Istanbul, Turkey | AFP |
Russia’s ambassador to Ankara was shot dead in a brazen attack by an off-duty Turkish policeman at an art exhibition on Monday in what both sides branded an “act of terror” aimed at damaging their improving ties.
The assassination, by a lone gunman shouting “Allahu Akbar” and “Don’t forget Aleppo”, came after days of protests in Turkey over Russia’s role in Syria and on the eve of a meeting of the foreign ministers of Turkey, Russia and Iran on the conflict.
Here is what we know so far:
– The attack –
Dramatic footage showed the moment the assailant — dressed in a dark suit, white shirt and tie, shot his target in the back as the envoy spoke at the opening of the Russian photography exhibition shortly after 7 pm (1600 GMT).
The gunman was seen standing behind the ambassador and after opening fire he swaggered and pointed his automatic handgun aggressively into the air.
He shouted “Allahu Akbar” and spoke in Arabic about pledging allegiance to jihad.
He then switched to Turkish, shouting: “Don’t forget about Syria, don’t forget about Aleppo. All those who participate in this tyranny will be held accountable.”
The gunman was killed in a police operation after a 15-minute standoff when he refused to surrender.
It later emerged that the gunman had fired nine shots into the envoy’s back.
– The policeman –
Turkish authorities identified the attacker as 22-year-old Mevlut Mert Altintas, who had worked in the Ankara anti-riot police squad for the last two-and-a-half years.
He was off-duty but managed to get through the security controls by flashing his police identity card and he did not go through the metal detector security check.
According to the Hurriyet daily, Altintas had stayed at a nearby hotel to prepare for the attack, shaving and putting on a smart suit.
Six people have been detained over the Karlov assassination, including Altintas’s sister, mother, father and uncle.
Ankara mayor Melih Gokcek and pro-government press speculated the policeman may be linked to the group of exiled preacher Fethullah Gulen, blamed for the July coup aimed at toppling President Recep Tayyip Erdogan.
Turkish media reports said police are questioning former acquaintances to see if Altintas was sympathetic towards Gulen.
Gulen himself issued a statement firmly condemning the attack.
– The target –
The slain ambassador, Andrei Karlov, was a veteran career diplomat who helped weather rocky ties between Moscow and Ankara.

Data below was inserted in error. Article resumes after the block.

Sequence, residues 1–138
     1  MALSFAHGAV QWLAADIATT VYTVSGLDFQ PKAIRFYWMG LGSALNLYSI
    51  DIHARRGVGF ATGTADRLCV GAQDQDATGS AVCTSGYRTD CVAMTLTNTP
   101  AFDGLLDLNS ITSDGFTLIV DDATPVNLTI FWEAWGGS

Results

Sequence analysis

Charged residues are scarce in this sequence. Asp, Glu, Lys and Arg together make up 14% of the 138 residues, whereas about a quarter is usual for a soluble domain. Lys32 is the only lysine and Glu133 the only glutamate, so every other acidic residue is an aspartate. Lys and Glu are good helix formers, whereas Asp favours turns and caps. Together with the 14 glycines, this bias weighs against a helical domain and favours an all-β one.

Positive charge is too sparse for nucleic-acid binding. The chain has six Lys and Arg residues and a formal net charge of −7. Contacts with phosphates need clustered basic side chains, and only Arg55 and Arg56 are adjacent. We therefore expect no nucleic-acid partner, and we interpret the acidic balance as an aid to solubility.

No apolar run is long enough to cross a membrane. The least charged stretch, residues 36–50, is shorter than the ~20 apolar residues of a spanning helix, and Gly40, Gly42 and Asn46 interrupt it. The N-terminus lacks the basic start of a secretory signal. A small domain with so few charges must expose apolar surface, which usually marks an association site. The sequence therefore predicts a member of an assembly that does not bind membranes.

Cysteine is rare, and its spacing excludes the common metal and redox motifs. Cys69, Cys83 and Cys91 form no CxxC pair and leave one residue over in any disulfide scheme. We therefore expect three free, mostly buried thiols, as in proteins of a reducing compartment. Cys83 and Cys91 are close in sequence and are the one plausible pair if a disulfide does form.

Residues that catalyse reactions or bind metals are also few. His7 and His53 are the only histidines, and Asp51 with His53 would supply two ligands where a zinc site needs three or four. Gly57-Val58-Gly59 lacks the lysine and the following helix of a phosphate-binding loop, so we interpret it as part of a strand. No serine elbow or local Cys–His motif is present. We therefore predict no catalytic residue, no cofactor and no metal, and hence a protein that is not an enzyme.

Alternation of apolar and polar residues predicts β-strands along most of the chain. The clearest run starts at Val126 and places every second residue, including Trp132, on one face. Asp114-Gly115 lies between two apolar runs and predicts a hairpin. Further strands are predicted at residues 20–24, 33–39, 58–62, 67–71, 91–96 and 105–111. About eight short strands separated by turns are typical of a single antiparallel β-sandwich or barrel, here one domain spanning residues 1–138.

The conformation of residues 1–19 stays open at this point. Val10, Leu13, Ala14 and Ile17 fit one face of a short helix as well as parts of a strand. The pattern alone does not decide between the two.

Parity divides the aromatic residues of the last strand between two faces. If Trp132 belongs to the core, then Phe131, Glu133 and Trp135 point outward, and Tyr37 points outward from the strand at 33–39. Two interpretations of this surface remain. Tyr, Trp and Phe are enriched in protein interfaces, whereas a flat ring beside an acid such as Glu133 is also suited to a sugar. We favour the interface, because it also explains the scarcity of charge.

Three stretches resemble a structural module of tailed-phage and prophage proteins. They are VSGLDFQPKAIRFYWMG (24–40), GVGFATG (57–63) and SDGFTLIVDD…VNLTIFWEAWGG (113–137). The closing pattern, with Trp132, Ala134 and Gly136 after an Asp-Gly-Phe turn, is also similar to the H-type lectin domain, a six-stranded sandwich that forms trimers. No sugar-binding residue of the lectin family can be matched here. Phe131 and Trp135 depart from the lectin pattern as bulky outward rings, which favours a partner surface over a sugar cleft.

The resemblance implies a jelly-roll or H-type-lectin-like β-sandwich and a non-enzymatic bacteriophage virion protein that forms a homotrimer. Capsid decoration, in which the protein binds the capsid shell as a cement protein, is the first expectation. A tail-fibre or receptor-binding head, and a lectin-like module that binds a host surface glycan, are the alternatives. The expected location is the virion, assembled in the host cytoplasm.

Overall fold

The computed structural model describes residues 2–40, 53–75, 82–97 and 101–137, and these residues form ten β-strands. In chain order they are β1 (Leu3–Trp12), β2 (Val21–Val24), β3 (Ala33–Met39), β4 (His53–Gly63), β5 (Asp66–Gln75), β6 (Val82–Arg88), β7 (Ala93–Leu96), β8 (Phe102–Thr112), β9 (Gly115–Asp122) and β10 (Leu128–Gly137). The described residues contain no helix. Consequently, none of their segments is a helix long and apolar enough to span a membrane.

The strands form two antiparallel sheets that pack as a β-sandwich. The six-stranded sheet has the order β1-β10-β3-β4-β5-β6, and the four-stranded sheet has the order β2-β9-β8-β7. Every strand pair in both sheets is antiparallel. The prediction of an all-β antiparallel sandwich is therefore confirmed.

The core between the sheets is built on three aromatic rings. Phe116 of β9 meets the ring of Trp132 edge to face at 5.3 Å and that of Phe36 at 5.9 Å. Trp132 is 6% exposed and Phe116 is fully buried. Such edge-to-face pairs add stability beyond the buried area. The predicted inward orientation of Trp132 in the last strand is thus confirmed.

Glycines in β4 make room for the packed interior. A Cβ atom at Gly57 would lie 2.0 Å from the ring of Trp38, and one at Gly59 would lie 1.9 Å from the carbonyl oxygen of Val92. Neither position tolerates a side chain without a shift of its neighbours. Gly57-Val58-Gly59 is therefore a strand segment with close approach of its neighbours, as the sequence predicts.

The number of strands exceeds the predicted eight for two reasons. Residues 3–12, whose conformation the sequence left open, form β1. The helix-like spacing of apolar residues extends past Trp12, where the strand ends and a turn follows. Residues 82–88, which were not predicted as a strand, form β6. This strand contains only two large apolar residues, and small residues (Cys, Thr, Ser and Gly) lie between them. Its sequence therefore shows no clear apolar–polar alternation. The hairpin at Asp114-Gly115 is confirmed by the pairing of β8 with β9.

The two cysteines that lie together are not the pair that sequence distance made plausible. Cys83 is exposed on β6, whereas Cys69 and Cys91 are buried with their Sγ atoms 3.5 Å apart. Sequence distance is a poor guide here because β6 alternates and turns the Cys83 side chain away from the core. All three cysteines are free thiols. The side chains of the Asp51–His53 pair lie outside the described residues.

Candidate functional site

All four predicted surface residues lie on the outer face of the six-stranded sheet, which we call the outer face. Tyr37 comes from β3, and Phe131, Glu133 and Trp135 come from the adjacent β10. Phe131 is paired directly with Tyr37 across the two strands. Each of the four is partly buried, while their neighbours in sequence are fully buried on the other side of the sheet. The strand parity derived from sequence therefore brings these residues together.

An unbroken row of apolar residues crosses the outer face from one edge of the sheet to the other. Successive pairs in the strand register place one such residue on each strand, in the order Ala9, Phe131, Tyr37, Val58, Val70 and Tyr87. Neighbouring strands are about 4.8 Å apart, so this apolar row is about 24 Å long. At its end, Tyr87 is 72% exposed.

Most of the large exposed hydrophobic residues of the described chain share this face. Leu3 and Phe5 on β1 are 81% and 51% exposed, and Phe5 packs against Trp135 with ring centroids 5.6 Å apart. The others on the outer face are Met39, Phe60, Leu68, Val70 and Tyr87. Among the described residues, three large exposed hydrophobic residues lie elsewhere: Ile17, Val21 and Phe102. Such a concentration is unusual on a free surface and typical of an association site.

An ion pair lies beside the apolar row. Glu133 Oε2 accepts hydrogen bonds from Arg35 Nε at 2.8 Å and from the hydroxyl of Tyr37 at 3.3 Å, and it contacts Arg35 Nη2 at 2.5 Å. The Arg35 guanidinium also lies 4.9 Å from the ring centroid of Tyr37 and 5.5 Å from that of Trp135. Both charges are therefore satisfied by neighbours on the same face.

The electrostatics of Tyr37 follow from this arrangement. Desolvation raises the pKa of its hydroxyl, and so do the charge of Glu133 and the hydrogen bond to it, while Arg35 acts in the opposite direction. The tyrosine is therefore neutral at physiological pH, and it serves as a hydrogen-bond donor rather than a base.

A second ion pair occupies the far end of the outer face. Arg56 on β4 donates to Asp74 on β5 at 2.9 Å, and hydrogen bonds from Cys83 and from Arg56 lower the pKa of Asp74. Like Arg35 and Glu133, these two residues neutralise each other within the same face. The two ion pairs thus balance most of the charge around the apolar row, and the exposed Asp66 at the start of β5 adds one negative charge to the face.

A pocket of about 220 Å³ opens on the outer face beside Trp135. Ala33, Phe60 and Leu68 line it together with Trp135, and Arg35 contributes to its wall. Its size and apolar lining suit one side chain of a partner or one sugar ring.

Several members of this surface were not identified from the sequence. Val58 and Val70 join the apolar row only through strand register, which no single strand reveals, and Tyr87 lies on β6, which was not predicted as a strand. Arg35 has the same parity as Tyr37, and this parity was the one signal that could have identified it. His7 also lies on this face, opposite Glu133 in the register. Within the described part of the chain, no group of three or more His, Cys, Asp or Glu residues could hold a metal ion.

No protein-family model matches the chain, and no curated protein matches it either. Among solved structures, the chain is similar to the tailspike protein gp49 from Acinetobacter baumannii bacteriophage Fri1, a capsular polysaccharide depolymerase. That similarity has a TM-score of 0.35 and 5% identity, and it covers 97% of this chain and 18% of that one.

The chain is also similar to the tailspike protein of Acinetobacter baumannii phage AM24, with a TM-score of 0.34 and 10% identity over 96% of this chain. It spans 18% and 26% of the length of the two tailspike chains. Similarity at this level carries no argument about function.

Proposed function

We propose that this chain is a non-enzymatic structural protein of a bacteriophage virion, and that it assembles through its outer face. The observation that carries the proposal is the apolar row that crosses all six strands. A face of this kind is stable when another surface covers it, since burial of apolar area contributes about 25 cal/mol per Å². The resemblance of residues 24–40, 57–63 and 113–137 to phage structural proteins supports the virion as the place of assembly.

The 62-year-old was appointed to Ankara in 2013, a time when the two countries were seeking to boost trade despite deep differences over the Syria conflict.
Russia’s foreign ministry spokeswoman Maria Zakharova described his killing as a “tragic day in the history of our country and our diplomatic service”.
The married father of one spent a large chunk of his career — which stretched back to the Soviet period — working on the volatile Korean peninsula, in both Seoul and Pyongyang.
His body was flown back to Moscow Tuesday in a coffin draped in the Russian flag.
Russian President Vladimir Putin ordered his secret services to boost security at home and abroad after the killing and the attack on a Christmas market in Berlin.
Karlov was the first ambassador to be assassinated in the history of modern Turkey. The British consul was killed in an Istanbul bombing in 2003 and Israel’s consul general in Istanbul was kidnapped and shot dead by leftist militants in 1971.
– The timing –
The shooting came on the eve of a meeting between the Turkish, Russian and Iranian foreign ministers on the Syrian conflict which nevertheless went ahead Tuesday.
At the very moment of the attack, Turkey’s Foreign Minister Mevlut Cavusoglu was on a plane flying to Moscow for the talks.
Protesters in Turkey have held Moscow responsible for rights violations in war-wracked Aleppo, with thousands massing outside the Russian consulate in Istanbul.
Moscow and Ankara remain on opposite sides of the conflict — with Turkey backing rebels trying to topple Russia’s ally President Bashar al-Assad.
Diplomatic relations between Ankara and Moscow sank to their worst levels since the Cold War in November last year when a Turkish jet shot down a Russian war plane over Syria.
But relations have since warmed, with intense contacts in recent days that led to a complex deal for evacuations from Aleppo that will allow the regime to take full control.
Erdogan swiftly called Putin and both countries described the killing as a “provocation”, insisting it would not be allowed to cast a shadow over ties.
And at Tuesday’s meeting, Russia, Iran and Turkey agreed to guarantee Syria peace talks and backed expanding a ceasefire in the war-torn country.